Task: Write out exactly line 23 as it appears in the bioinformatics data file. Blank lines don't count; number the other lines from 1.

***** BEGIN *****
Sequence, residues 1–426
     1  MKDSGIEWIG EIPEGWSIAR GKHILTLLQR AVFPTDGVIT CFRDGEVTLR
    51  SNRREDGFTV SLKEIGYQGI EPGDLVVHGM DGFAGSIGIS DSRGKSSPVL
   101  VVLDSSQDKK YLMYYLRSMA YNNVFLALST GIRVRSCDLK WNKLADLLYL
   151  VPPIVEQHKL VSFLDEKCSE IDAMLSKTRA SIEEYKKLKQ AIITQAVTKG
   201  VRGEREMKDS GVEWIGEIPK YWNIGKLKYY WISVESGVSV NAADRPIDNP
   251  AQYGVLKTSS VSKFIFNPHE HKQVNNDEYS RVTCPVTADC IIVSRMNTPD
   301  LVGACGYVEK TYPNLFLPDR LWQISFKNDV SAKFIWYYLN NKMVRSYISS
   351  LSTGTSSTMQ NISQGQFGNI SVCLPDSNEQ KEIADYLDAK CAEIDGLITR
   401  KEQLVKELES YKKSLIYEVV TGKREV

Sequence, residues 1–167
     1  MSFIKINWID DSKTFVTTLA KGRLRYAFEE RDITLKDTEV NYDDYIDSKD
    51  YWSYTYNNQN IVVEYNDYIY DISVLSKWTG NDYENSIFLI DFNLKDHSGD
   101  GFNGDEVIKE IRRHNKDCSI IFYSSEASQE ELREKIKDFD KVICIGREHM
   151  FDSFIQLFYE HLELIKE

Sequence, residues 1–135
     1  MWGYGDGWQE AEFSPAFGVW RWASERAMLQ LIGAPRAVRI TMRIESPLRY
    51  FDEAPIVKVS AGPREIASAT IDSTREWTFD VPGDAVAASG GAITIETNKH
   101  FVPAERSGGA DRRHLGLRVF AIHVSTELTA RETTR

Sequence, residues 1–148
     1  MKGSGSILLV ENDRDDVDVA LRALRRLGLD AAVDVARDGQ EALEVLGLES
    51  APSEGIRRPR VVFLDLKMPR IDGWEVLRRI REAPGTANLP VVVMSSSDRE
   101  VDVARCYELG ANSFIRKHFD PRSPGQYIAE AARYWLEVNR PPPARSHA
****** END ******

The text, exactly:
   101  VDVARCYELG ANSFIRKHFD PRSPGQYIAE AARYWLEVNR PPPARSHA